9
$\begingroup$

For the n-dimensional Torus, the k-th homology group (with integer coefficients) is isomorphic to the direct sum of $n \choose k$ copies of $\mathbb{Z}$. Poincaré duality thus gives us a somewhat indirect way to show that ${n \choose k} = {n \choose n-k}$.

I am looking for results (or a starting point in the literature) where less obvious combinatorial results are derived by Poincaré duality.

I think that this is roughly related to the following questions:

How can we realize different combinatorial objects as the dimension of a construction on vector spaces? Are the resulting algebras useful?

Combinatorial results without known combinatorial proofs

From what I have learned from the comments, the Dehn–Sommerville equations would be an example of a combinatoric result based on Poincaré duality.

$\endgroup$
  • 2
    $\begingroup$ Since this question doesn't have a unique correct answer, I'm going to flag it for community-wiki. $\endgroup$ – HJRW Jun 18 '15 at 8:31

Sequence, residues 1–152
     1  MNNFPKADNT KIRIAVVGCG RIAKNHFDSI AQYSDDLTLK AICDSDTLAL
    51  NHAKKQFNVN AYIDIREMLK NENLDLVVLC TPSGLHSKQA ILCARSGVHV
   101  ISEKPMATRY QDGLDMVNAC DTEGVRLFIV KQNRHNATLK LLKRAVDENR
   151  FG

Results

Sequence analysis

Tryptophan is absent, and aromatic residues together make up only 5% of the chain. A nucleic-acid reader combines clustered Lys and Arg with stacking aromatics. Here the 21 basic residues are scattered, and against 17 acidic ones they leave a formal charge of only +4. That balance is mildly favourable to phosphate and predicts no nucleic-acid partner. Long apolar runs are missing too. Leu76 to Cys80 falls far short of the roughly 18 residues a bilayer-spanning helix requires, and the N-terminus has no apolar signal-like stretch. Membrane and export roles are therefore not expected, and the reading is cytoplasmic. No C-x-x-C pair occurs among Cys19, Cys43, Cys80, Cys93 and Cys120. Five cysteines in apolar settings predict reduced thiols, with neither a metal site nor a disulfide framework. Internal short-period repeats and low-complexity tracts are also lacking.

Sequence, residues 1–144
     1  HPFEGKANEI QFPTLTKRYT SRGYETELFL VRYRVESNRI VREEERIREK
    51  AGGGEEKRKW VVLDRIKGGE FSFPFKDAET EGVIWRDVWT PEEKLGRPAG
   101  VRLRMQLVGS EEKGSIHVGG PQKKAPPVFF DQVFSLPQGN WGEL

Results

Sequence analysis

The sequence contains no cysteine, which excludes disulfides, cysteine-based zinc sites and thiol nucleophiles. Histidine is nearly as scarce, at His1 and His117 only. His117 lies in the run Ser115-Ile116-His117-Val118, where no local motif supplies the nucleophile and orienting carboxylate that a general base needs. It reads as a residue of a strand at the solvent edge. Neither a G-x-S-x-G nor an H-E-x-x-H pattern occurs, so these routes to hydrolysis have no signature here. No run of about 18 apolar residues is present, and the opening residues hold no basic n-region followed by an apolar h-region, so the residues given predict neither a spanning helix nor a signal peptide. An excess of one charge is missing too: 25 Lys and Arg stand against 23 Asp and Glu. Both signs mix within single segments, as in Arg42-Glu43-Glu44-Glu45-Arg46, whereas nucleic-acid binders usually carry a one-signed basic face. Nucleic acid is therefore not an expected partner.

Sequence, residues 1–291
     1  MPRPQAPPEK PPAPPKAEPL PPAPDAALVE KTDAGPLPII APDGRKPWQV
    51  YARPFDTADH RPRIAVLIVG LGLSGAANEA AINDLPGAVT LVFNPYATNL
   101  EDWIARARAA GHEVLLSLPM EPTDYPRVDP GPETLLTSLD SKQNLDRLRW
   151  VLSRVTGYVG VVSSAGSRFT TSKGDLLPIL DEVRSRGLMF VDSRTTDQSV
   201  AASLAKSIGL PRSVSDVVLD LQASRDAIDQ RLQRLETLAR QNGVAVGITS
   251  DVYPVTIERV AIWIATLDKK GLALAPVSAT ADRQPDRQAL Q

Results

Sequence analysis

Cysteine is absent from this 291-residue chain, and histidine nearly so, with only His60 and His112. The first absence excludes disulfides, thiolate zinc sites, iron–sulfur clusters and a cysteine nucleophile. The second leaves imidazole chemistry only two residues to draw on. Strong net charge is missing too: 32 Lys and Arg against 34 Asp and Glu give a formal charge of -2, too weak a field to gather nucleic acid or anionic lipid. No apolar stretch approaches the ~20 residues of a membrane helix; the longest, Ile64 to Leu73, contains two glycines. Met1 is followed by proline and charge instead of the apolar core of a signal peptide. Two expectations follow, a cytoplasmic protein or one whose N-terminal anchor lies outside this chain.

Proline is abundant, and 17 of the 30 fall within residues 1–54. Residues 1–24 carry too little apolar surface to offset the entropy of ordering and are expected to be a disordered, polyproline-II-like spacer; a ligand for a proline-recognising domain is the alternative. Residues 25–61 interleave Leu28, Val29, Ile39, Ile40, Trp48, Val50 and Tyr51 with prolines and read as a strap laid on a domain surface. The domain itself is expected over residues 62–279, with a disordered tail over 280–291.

• 2
    $\begingroup$ Someone who knows about toric varieties surely has something to say here... (Poincaré duality holds for these with rational coefficients) $\endgroup$ – Dylan Wilson Jun 18 '15 at 14:20
  • 6
    $\begingroup$ If you're willing to extend this from "Poincar\'e duality" to "properties of Betti numbers", then you could include Hard Lefschetz in your toolset, and get Stanley's proof of the Upper Bound Theorem for the number of faces of a simplicial polytope. $\endgroup$ – Allen Knutson Jun 18 '15 at 14:32
  • $\begingroup$ I am willing to extend to any other duality concepts in (co-)homology. $\endgroup$ – Rolf Bardeli Jun 18 '15 at 14:49
  • 2
    $\begingroup$ Stanley's survey paper on unimodal sequences is a possible starting point. dedekind.mit.edu/~rstan/pubs/pubfiles/72.pdf However, I don't think that it gives any examples other than the ones already mentioned. In general, I think it would be very unusual for the symmetry of a sequence to be provable most easily by a topological duality theorem, rather than by a direct combinatorial argument. Even the Dehn--Sommerville equations have a relatively straightforward combinatorial proof. $\endgroup$ – Timothy Chow Jun 18 '15 at 16:13

Your Answer

By clicking "Post Your Answer", you acknowledge that you have read our updated terms of service, privacy policy and cookie policy, and that your continued use of the website is subject to these policies.

Browse other questions tagged or ask your own question.